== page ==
VIENNA (AFP) – Top UN atomic experts left Sunday for Syria on a three-day visit to inspect a mysterious site bombed last year by Israel and suspected by the US of being a nuclear facility.
“We are now travelling to Damascus, we will meet tonight our counterparts and then we start to gather facts,” International Atomic Energy Agency (IAEA) deputy chief Olli Heinonen, who heads the team, told journalists at Vienna airport before departure.
“What will be waiting there, we will see when we get there,” he added.
The team is due to visit Al-Kibar site in a remote desert area of northeastern Syria on the Euphrates River during its three-day trip.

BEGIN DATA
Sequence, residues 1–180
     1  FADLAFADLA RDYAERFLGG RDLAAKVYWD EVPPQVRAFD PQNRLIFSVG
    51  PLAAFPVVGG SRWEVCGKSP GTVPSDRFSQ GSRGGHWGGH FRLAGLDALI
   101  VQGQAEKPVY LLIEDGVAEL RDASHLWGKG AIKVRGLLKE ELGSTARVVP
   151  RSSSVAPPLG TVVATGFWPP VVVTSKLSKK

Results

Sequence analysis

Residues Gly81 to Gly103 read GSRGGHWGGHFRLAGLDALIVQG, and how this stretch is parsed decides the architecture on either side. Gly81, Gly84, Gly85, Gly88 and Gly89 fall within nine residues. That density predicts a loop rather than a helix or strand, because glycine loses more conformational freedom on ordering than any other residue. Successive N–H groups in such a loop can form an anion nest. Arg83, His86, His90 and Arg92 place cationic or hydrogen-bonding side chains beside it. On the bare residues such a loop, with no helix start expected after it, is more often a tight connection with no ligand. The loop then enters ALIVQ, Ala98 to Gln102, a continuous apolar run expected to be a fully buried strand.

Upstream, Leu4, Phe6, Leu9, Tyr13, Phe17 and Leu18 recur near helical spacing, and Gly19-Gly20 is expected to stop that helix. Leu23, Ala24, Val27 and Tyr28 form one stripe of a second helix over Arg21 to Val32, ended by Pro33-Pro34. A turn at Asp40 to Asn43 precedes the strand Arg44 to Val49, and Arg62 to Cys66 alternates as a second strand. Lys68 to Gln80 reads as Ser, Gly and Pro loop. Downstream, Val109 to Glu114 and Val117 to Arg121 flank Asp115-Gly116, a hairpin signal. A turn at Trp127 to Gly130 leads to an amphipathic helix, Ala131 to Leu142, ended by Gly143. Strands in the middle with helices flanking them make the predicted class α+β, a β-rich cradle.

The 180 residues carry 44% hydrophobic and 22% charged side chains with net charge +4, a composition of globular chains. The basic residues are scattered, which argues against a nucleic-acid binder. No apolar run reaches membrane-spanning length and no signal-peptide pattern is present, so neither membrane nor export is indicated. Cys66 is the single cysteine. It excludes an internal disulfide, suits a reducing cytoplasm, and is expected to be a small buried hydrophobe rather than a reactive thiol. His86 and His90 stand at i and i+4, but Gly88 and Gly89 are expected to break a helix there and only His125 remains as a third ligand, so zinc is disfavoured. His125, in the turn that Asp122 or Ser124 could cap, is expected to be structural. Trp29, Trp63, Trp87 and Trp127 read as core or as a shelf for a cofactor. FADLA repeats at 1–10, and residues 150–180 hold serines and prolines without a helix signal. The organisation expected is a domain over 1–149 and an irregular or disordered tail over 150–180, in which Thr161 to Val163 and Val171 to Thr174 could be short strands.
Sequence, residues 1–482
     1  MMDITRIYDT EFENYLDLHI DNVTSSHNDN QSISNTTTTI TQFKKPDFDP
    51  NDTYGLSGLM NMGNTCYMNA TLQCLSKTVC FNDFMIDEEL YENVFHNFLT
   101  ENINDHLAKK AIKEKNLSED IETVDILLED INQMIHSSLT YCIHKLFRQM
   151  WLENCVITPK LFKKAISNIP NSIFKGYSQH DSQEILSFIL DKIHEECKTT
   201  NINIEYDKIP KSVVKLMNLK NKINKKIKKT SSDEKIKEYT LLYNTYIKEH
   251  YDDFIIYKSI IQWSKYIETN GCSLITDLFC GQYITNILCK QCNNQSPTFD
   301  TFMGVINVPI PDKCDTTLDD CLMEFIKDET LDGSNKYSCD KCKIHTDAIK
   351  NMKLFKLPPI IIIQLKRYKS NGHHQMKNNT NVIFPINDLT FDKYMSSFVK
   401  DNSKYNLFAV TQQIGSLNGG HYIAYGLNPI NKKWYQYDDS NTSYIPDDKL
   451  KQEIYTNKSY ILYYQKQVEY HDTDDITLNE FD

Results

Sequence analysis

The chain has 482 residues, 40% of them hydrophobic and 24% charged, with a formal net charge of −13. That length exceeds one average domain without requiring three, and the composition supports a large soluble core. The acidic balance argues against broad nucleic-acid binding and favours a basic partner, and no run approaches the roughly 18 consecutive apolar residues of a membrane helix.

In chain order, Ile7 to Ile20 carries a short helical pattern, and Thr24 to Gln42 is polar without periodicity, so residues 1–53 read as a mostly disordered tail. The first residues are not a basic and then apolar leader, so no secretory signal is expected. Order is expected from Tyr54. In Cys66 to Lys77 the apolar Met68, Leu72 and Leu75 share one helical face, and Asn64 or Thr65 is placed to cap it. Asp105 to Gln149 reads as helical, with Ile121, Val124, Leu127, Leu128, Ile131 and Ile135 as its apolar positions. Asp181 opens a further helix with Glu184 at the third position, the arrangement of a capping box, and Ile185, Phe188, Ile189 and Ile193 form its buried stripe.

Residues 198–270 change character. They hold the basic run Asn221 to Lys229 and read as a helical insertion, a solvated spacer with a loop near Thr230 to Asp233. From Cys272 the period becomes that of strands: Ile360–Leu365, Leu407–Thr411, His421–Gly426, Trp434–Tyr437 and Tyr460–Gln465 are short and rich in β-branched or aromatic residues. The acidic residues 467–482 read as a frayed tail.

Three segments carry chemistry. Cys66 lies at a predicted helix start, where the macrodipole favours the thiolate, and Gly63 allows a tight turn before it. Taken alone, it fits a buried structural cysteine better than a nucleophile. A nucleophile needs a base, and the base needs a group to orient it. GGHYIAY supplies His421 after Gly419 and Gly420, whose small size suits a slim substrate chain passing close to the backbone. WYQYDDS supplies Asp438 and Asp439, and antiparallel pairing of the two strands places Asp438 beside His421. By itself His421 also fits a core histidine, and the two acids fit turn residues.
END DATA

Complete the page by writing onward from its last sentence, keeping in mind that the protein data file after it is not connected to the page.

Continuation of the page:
The United States claims, based on intelligence and photographic evidence, that the site attacked by Israel in September was a nuclear facility built with North Korean assistance and close to becoming operational.
But Syria has denied the allegations and said Al-Kibar was a disused military building, although Damascus has fed suspicion by wiping clean the site in a move certain to make the IAEA inspection more difficult.
“We will start to establish the facts this evening. We have the first meeting this afternoon, then it goes from there on,” Heinonen said Sunday.
He added he would return to Vienna on Wednesday evening.
IAEA chief Mohamed ElBaradei has urged Damascus to cooperate with the inspectors but stressed in an interview with an Arab news channel ahead of the visit that there was no evidence of Syrian nuclear foul play.
“We have no evidence that Syria has the human resources that would allow it to carry out a large nuclear programme. We do not see Syria having nuclear fuel,” he told Dubai-based Al-Arabiya television.